Myanmar’s hope: a year after devastation

By April 27, 2009

Myanmar (MNN) — Cyclone Nargis,
a category 5 storm, tore through Burma in May 2008, leaving utter destruction
in its wake. For the poverty-stricken
survivors, the struggle for continued existence leeched at their hope. 

Yet, one year later, Jacqueline
Koster of the Christian Reformed World Relief Committee says it's encouraging
to see how much progress has been made. Despite long delays for aid shipments, as well as government resistance to "outside"
help, the teams were able to get in because of their longstanding partnerships.

Immediately following the storm,
an appeal went out. Christian Reformed Church constituents responded generously to the
needs in Burma/Myanmar with over $750,000 in donations to CRWRC. Working
in partnership with World Concern, CRWRC responded to the most urgent needs of
those affected, particularly in the low-lying township of Labutta. 

Using private funds matched by
the Canadian Foodgrains Bank (CFGB) and the Canadian International Development
Agency (CIDA), CRWRC was able to support people in 30 villages through a
range of activities.  

CRWRC also provided staff to
assist during the emergency assessments and the rehabilitation
phase. Josh Folkema, Hans Helleman, and Lorraine and Marvin VanderValk
provided managerial oversight as well as technical support to the project.

Koster says, "CRWRC has
supported the rebuilding of 282 houses to date. Obviously, shelter is one of
the key priorities after a disaster, especially trying to get things done
before the monsoon season begins again, which is actually this

It's now a race against
time. "One of the strategies that
we've been using is to drop off the materials even though the
construction won't begin until a few months from now–but sort of getting the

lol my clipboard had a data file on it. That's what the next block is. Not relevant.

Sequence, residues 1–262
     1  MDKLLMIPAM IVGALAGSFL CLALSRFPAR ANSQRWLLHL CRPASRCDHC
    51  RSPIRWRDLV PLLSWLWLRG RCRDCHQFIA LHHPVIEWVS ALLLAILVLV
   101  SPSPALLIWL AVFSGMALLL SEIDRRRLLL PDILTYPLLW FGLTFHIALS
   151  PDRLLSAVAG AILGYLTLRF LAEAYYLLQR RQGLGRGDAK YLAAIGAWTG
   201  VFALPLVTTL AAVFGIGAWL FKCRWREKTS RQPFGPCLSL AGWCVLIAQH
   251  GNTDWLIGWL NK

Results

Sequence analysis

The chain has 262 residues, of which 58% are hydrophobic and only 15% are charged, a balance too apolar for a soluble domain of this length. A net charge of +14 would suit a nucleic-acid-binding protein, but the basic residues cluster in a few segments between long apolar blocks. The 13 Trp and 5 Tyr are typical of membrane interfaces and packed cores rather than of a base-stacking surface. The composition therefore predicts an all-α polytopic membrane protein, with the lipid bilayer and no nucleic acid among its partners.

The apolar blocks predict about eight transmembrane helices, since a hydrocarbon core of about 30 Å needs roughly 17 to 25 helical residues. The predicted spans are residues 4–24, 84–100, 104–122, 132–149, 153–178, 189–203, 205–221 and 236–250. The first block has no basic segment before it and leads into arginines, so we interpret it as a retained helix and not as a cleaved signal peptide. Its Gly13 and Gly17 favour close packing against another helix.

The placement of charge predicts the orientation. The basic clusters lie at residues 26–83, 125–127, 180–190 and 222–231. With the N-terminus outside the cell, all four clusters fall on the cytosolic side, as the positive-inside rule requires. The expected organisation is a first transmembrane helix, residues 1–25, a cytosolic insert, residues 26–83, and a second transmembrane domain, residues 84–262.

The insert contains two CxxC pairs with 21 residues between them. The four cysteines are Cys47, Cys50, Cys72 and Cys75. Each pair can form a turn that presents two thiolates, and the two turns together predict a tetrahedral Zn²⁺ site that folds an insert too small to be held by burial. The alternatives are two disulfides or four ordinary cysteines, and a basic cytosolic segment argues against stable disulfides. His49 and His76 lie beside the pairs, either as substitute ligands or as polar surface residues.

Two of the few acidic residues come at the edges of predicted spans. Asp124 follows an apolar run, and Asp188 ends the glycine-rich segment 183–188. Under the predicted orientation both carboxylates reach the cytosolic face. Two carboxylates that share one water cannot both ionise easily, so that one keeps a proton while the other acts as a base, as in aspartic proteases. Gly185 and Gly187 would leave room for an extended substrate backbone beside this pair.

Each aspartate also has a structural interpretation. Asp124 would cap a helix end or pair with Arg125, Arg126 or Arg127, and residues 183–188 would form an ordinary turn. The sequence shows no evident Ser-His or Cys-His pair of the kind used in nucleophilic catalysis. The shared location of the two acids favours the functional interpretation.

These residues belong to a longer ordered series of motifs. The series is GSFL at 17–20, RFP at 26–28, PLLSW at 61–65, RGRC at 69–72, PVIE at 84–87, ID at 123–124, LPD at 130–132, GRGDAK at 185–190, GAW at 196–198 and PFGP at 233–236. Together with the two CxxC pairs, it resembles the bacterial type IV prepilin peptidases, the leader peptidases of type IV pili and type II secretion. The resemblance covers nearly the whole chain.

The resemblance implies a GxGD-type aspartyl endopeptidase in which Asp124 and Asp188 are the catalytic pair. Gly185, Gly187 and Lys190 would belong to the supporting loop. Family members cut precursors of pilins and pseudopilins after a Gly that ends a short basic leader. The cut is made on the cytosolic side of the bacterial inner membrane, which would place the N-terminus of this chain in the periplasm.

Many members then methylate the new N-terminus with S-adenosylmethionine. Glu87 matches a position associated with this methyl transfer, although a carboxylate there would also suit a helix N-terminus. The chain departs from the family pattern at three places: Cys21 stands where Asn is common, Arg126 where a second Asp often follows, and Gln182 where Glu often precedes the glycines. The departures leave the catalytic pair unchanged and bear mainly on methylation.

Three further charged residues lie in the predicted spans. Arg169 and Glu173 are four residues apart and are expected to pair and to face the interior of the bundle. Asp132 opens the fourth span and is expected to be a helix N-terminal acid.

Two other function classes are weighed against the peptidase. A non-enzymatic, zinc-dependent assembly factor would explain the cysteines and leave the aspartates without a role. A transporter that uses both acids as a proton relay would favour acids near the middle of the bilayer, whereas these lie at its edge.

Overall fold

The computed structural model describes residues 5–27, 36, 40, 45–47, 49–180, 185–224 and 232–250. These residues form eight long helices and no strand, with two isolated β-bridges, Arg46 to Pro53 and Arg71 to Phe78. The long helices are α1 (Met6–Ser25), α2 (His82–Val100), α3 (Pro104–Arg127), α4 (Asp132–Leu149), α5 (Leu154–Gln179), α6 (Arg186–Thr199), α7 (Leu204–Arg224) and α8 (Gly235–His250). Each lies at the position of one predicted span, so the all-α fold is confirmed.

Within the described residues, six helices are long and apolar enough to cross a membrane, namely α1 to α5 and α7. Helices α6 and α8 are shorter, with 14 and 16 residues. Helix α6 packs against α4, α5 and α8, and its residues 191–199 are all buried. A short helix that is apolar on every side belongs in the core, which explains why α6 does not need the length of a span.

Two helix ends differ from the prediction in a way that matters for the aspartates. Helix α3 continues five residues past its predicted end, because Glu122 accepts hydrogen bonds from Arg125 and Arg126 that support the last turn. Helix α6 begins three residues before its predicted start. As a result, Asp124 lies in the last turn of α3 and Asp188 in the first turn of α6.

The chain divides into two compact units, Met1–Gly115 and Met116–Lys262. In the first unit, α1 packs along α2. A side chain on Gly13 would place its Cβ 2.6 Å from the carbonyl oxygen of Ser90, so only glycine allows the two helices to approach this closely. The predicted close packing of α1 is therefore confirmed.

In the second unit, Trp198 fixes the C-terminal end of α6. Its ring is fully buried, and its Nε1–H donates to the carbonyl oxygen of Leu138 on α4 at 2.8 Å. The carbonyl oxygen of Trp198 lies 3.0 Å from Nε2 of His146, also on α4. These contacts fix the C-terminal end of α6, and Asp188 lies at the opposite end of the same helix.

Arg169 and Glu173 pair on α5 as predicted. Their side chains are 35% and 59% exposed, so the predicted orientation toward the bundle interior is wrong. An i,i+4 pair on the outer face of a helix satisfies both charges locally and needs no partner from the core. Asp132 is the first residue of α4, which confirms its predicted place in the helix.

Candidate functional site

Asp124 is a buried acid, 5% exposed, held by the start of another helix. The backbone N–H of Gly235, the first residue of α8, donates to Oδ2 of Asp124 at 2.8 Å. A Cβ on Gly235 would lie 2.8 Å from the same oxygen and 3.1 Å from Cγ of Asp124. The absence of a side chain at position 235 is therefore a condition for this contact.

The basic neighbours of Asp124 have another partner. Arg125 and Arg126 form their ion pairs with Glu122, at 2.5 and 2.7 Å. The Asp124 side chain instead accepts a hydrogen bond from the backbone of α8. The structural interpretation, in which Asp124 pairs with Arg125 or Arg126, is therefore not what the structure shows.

materials into the right places so they don't have to be transported during the
monsoon season." 

Thus far, CRWRC's partnerships
have also brought: 400 kitchen starter kits, food for 10,000 people, seven wells, two ponds, 42 oxen, six rice granaries, 660 fishing boats, and 1586 fishing nets.

Fishing nets? Consider this story
from the village of Thaung Lay, where the population is half what it was prior
to the cyclone. There, Kan Kung has been working hard to re-establish his
livelihood. Before Nargis, he was a fisherman with eight nets and a boat,
but the storm surge washed away everything except the clothes he was wearing. He lost all his children, his mother, his nieces, and his nephews.

CRWRC gave him a fish net. He also borrowed a boat from a relative. "It took me one and a half
months to earn enough for a second net, which I bought second-hand," explains
Kung. "But now I have six nets, and I am earning as much, if not more, than I
was before Nargis, because there are less fishermen now and less nets filling
the waterways." Nothing can
replace his family, but surviving members now have a chance.

The non-material benefit? This
project has helped people rebuild their lives because the local church acts as
the hands and feet of Christ. Says
Koster, "We were working with quite a large Karen Baptist community there.
It's almost a reverse, where our faith is strengthened by seeing the strength of
their faith in these communities and the trust that they put in God in their
day-to-day lives." Click here if
you can help the ministry of CRWRC in Myanmar.


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